In light of their recent security breach, Instagram has revealed a flaw in its system that allowed a breach to be possible. Here we share advice on how you can avoid falling victim.
The breach includes phone numbers and email addresses of celebrities that use the social media platform.
The company has warned the verified users, who tend to be celebrities of some kind, to be extra cautious about unexpected phone calls, texts and emails, and to be wary of suspicious activity on their accounts.
Instagram had emailed all the verified users to let them know about the breach, and although Instagram claims no passwords were stolen, pop singer Selena Gomez’s high profile account was compromised.
Mark James, ESET IT Security Specialist, comments on this latest attack and provides a list of do's and don'ts for avoiding such hacks online.
“The term hack is often used way to much these days. It’s used whenever we see data or contents strewn over the internet, regardless of source.
“Quite often it’s beyond your physical control to stop breaches or hacks happening, but you can limit the damage from these intrusions.
“Here are some of the reasons you may be involved in a data breach - notice I don’t use the word hack.”
DON’T: Reuse Passwords
“The big companies Facebook, Microsoft, Apple etc. will invest millions to keep you safe, but if you are re-using your passwords from one site to another it makes no difference how much they spend.
“If your username, which is often your email address, and password gets stolen from a site that uses little or minimum protection, such as forums, fan sites etc., and you have used the same combination on another more protected site, hackers or criminals will just try your username and password on various sites to see if it works.
“That’s not hacking that’s taking advantage of your oversight.”
DON’T: Use Weak Passwords
“Of course you hear this a lot, avoid weak or simple passwords.
“Always choose where possible, a pass phrase and don’t forget you can often use spaces in your password.
“Try to think of a combination that you can remember and modify for each site, and one you will remember.
“It does not necessarily have to make much sense to others, but be careful of changing your password too regularly as it could force you to use weak passwords in an attempt to remember them.”
DO: Use Password Managers
“It’s almost impossible to remember every password for every login you have.
“These days password managers can help with that: they are cheap or even free in some cases and will generate, store and even autofill both your username and password for you.
“Many will have a backup mobile application to enable you to use them at different locations and all you need to remember is a single unique password to protect all those logins, or even better use Two-Factor Authentication.”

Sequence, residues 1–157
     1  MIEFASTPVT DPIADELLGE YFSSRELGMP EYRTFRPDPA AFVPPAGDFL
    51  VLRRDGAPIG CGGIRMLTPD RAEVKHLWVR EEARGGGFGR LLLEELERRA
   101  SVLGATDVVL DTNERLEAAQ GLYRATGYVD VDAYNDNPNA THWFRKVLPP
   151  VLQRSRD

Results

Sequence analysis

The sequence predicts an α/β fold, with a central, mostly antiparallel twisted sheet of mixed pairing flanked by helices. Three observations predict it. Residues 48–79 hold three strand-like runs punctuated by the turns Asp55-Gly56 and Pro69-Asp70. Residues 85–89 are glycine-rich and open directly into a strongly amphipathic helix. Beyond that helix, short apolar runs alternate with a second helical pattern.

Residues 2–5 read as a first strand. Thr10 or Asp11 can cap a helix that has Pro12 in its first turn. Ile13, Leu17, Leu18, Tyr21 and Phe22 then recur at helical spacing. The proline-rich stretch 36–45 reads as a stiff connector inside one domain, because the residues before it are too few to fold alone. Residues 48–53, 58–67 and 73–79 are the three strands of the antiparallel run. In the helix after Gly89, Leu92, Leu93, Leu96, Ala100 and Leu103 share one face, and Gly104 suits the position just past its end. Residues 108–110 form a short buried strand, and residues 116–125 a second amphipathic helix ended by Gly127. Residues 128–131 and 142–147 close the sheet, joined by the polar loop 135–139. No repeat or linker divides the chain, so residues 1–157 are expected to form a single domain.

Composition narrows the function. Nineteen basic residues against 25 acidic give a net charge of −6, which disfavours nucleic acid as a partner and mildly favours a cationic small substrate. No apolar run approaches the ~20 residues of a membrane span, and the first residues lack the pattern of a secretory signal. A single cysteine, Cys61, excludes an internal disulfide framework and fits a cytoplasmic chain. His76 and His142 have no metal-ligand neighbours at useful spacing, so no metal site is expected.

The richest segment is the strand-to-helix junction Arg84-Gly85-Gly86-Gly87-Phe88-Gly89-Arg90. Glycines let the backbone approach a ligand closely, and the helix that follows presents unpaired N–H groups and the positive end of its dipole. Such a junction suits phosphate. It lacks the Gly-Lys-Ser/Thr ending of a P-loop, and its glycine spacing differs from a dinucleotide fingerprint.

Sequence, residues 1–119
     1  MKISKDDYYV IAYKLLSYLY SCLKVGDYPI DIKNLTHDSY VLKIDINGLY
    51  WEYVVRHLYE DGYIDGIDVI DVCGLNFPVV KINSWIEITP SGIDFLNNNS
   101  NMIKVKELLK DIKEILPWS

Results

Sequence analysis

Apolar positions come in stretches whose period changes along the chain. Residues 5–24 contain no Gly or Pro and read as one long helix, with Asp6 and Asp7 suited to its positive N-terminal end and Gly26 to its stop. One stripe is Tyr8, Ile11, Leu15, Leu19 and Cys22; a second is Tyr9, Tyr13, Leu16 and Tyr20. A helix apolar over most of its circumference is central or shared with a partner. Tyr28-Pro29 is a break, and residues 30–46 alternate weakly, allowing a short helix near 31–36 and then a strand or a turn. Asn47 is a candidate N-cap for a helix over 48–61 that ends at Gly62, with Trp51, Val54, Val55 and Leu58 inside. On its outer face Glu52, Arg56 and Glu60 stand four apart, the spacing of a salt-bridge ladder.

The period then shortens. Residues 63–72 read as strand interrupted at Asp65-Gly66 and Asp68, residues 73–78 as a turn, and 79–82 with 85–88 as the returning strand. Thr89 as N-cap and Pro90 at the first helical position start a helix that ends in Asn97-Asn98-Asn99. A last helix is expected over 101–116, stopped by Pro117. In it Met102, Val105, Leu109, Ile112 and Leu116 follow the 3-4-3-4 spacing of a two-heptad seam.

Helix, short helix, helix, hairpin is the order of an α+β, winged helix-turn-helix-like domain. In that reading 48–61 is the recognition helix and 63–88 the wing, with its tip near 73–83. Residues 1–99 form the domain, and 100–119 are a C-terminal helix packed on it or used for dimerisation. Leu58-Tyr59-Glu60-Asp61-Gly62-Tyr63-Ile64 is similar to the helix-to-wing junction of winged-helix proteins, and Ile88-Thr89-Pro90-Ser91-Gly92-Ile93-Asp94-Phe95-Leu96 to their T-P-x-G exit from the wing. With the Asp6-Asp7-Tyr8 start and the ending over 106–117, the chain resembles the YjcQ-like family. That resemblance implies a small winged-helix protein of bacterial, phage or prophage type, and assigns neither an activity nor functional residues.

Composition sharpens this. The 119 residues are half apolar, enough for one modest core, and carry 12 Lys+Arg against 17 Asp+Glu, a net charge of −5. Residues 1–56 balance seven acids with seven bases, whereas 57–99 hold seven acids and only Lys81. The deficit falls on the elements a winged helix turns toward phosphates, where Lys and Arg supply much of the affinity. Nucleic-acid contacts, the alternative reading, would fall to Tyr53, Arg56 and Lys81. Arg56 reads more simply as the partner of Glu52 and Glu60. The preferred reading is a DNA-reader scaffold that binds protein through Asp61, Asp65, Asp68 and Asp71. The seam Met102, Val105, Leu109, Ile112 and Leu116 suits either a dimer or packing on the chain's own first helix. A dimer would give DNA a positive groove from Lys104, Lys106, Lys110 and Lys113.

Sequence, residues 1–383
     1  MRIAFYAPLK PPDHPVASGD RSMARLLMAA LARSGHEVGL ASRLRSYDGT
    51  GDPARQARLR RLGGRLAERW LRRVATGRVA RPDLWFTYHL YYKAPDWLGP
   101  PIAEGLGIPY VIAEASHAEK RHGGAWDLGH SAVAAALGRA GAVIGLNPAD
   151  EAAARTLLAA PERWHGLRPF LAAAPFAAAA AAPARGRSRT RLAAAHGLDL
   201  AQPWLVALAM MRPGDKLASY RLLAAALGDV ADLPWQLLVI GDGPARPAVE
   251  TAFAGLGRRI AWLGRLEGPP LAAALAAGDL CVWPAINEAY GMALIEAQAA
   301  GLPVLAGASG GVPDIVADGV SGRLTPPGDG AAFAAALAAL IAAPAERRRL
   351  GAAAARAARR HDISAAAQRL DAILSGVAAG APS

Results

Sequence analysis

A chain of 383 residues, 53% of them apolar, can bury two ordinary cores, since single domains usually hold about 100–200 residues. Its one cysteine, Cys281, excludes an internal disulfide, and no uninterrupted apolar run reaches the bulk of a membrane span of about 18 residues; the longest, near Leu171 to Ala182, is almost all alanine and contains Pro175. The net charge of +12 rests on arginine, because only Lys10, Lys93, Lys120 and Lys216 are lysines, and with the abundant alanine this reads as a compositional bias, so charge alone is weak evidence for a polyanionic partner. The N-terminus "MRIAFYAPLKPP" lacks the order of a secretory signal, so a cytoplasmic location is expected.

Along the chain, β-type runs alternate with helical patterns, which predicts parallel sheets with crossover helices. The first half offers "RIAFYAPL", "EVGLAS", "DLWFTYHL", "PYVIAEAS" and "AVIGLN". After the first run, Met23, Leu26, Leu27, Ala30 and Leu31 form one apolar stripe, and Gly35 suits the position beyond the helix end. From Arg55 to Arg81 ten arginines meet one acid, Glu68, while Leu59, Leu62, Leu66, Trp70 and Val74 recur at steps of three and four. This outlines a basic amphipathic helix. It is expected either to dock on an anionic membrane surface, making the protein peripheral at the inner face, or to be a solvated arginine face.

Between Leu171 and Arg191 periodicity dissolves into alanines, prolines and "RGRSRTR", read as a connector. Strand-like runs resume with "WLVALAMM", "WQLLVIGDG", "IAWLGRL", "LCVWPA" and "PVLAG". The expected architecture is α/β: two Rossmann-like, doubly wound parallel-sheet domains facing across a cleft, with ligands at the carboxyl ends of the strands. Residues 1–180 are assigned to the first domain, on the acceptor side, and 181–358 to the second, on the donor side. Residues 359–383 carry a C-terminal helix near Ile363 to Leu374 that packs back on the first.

DO: Use Two-Factor Authentication (2FA)
“More and more websites and services are using 2FA to help you protect your logins.
“It’s essentially a third process to validate you. You enter your username and password, and either a text is sent to your mobile or a code is generated by an app on your device which you enter as a second authentication method.
“That way even if your password is compromised you will still get a notification that your details are being used, if they cannot enter the correct 6 digit number or you don’t authorise the login attempt it will never be successful.
“If you get one out of the blue then go to the relative website yourself and change your password immediately.”
DO: Use Internet Security Software
“If your device allows it, then make sure you install a good multi-layered regularly updating internet security programme, this will find and stop any malware that’s trying to steal your credentials.
DO: Patch and Update your OS and software
“Make sure you regularly update or patch both your operating system and applications.
“Keeping your software up-to-date is a good way of closing any vulnerabilities that hackers may use to gain control of your systems through malware.”
DO: Protect your Info
“I know this sounds like a no brainer, but be wary of anyone requesting information even if they seem to have some verifiable data already.
“NO company should ever contact you out of the blue and request your password.
“In theory, these days no company should ever ask you for your FULL password, selected characters is acceptable for validation.
“If you are contacted be polite and explain you want to validate them before proceeding, hang up or close the email, use a different method and contact the company to verify it’s legit.
“If it is they will understand your concern, if not you could be saving not only your money but possibly a lot of stress.”